Fall Arts Preview

The 40 most-anticipated, must-see, what-are-you-waiting-for, drop-everything shows of the season.

See more in “Artists We Love.”


The revolution sounds like this

It’s true that the music business is not what it once was—it’s better. This is true even though the most popular acts are selling only a fraction of what the biggest stars used to sell. This is true even though the biggest star today is Justin Bieber. Why is it better? Because most musicians aren’t ever going to be Bieber-big, and now they can focus on what matters: the music. Minnesota musicians are collaborating more, out of necessity and curiosity, giving us acts like A.Wolf & Her Claws, a new pop/electronica/vocal ensemble headed by Aby Wolf. The boundaries of genres are blurring, even in classical music, where a 30-year push for contemporary orchestration is finally taking hold. Witness the Saint Paul Chamber Orchestra’s fall collaboration with wunderkind indie composer Nico Muhly. Or the Minnesota Orchestra’s fall concert with Ben Folds. This is a year of pushing forward: of all the composers featured in the Minnesota Orchestra’s fall season, only two never lived to see the 20th century. That’s brave. That’s bold. That’s for the best.

7 Top Picks

9.9 The Saint Paul Chamber Orchestra, joined by Cantus, opens its season with a world premiere oratorio by the young, genre-bending composer Nico Muhly. thespco.org

9.20 The free Global Roots Festival features top acts from around the world at the Cedar Cultural Center. thecedar.org

9.29 Andra Suchy, newly signed to Red House Records, brings her twangy folk-pop sound to the Aster Café. andrasuchy.com

10.2 The Jazz at Lincoln Center Orchestra, led by Wynton Marsalis, plays Orchestra Hall. mnorch.org

10.28/29 The Atlantis Quartet, the acclaimed contemporary jazz ensemble featuring guitarist Zacc Harris, releases its first live album at its annual Halloween shows. atlantisquartet.com

11.11 The buzzed-about indie-rock trio Zoo Animal plays its annual free show at Hennepin Avenue United Methodist Church, where last year some 700 people attended. zooanimalmusic.com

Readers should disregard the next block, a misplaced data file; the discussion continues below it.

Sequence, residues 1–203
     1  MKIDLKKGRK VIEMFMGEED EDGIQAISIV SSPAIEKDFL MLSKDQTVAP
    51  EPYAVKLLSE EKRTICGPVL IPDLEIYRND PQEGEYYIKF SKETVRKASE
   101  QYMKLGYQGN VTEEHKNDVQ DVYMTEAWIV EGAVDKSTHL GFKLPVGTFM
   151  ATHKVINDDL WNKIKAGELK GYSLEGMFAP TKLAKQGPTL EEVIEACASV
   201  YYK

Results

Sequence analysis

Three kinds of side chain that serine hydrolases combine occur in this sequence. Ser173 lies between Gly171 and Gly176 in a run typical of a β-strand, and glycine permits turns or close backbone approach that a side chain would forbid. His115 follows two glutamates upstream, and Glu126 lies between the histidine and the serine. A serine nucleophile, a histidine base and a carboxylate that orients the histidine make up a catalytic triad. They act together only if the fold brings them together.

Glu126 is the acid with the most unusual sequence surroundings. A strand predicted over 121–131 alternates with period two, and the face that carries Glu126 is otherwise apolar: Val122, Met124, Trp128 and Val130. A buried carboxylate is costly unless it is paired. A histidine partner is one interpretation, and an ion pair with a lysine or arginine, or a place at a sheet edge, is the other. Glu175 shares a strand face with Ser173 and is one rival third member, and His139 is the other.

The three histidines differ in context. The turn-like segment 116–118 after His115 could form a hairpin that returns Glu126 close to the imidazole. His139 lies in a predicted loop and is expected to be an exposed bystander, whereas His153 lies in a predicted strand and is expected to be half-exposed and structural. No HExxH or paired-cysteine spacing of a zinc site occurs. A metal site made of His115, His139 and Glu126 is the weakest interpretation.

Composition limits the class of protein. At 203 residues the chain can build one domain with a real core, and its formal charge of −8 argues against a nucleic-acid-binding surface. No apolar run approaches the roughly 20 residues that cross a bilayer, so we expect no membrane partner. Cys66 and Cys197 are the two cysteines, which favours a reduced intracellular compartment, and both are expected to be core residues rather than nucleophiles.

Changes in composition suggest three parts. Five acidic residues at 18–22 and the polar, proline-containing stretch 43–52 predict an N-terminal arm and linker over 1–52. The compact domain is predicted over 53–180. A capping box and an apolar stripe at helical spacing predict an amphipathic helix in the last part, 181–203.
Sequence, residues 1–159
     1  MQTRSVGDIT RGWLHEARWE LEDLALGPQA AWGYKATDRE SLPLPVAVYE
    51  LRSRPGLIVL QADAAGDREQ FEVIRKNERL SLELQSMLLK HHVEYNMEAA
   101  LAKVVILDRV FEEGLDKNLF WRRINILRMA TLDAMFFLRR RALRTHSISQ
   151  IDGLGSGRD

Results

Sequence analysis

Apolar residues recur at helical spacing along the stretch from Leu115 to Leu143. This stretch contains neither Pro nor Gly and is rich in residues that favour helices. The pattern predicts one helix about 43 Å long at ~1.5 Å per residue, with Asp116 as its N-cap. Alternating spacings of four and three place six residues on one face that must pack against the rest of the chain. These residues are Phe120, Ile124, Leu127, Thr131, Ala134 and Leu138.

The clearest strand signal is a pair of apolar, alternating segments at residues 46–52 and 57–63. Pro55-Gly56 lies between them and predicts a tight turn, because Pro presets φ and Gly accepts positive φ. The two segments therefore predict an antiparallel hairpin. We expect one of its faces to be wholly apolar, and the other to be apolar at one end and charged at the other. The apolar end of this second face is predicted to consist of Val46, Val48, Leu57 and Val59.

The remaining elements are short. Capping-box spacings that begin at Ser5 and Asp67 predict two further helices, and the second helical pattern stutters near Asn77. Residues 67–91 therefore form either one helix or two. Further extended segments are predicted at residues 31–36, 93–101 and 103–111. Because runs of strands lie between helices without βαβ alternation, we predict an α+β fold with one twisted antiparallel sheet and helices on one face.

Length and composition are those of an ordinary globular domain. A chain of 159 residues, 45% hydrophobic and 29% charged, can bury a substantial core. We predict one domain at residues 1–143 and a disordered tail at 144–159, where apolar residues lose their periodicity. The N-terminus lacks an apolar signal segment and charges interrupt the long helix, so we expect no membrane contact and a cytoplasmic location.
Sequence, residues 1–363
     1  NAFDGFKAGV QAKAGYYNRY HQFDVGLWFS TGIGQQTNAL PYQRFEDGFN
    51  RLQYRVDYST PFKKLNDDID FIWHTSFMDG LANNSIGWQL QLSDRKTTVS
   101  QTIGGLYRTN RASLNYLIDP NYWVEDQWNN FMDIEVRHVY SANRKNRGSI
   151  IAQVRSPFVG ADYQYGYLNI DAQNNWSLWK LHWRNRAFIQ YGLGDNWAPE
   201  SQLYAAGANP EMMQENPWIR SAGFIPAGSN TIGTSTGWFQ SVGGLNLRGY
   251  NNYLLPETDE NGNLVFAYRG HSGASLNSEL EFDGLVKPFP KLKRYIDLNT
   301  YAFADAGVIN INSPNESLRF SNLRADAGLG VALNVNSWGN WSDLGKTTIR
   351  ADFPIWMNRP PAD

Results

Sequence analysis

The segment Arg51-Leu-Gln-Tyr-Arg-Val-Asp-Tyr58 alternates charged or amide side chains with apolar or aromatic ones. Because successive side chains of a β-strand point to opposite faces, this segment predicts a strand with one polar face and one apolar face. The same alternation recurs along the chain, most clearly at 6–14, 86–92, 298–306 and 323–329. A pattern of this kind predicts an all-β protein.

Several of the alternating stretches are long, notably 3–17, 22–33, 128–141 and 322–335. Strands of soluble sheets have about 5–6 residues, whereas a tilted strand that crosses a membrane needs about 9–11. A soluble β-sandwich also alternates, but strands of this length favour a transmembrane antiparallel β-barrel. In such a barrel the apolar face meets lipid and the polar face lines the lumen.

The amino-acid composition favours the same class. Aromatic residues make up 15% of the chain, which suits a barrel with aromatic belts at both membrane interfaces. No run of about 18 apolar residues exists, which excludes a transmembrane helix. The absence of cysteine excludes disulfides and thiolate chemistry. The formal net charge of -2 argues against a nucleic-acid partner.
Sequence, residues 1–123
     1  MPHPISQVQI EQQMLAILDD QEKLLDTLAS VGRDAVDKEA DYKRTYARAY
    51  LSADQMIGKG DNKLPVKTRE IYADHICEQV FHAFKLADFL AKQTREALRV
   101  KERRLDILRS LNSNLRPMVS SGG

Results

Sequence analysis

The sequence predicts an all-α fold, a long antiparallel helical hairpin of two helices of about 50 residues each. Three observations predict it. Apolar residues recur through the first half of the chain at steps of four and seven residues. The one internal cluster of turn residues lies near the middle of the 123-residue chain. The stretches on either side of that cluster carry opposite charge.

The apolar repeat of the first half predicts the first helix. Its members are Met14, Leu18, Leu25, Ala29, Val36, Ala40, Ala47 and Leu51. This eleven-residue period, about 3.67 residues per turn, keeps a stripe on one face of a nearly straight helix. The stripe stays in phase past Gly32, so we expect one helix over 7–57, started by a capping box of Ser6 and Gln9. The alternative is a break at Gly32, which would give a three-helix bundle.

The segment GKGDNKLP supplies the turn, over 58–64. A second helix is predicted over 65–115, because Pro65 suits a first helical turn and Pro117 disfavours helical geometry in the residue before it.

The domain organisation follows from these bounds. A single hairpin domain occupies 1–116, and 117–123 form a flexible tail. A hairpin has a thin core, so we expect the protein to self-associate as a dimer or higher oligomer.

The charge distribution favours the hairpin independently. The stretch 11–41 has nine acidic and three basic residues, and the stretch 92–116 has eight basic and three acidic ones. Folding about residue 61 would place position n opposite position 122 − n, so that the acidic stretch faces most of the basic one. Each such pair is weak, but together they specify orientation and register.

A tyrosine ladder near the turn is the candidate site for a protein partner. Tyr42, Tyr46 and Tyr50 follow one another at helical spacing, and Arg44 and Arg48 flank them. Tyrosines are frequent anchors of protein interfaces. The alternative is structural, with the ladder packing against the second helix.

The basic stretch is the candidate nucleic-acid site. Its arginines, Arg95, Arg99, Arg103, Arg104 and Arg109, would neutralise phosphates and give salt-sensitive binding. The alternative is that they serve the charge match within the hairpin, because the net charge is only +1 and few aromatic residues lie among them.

11.29 The Schubert Club hosts André Watts, perhaps the world’s greatest living concert pianist, for an all-Liszt program at the Ordway Center for the Performing Arts. schubert.org

âž» Gina DiBello, Violinist

Gina DiBello came to the Minnesota Orchestra in 2008 as the principal second violinist and gave her first solo two years later, nimbly bowing her way through Mozart’s showy Third Violin Concerto. Since then, she’s gotten used to playing standing up. In fact, the 29-year-old—the orchestra’s youngest section leader—has earned a reputation as the ensemble’s unofficial master of Mozart, nailing his Violin Concerto No. 5 this past July, the highlight of Sommerfest. An evangelist for modern music, she nonetheless loves the classics. “An orchestra is a historical thing,” she says, “and that’s what is special about what we do.”

DiBello plays as part of a special, post-concert show after the Orchestra’s Inside the Classics performances on November 11 and 12, mnorch.org


A coming-out party, and you’re invited

The dancers are giddy these days. Elated. Even more restless than usual, prone to pirouetting in the street or doing the splits on the bus. You’d think someone had given them a giant theater of their own in downtown Minneapolis, something with 500 seats and a lovely terra-cotta façade. Well, someone did—a lot of people did, but especially the people whose names are on the front of the building: John and Sage Cowles. Starting this month, the Cowles Center, formerly the Shubert Theater, will be all dance all the time, hosting the James Sewell Ballet, Zenon, Ragamala, and more.  Sage thinks it will do for local dancers what the Guthrie Theater did for thespians: build a bigger, more devoted audience. She’s probably right. Local dancers have never had a dedicated home of their own or any place with this much elbow room. And now they have it. No matter what else happens in the arts this fall, this will be the dancers’ season. It’s their Guthrie moment.

7 Top Picks

9.8 Ananya Dance Theatre premieres Tushanaal, about gold and the violent social costs of its extraction, at the Southern Theater. ananyadancetheatre.org

10.14 Ballet of the Dolls’ founder Myron Johnson dances his first solo show in 20 years: Songs for a Swan, about memory, hope, and perception. ritzdolls.com

10.21 The James Sewell Ballet executes its own twist on the “Black Swan” pas de deux, along with the topical “Social Movements,” at the Cowles Center. jsballet.org

11.4 The Walker Art Center hosts the Merce Cunningham Dance Company’s Farewell Legacy Tour, a revival of three classic works. walkerart.org

11.12 The Northrop Dance Series, temporarily at the State Theatre, presents perennial favorites the Royal Winnipeg Ballet in Wonderland, a take on Alice in Wonderland. northrop.umn.edu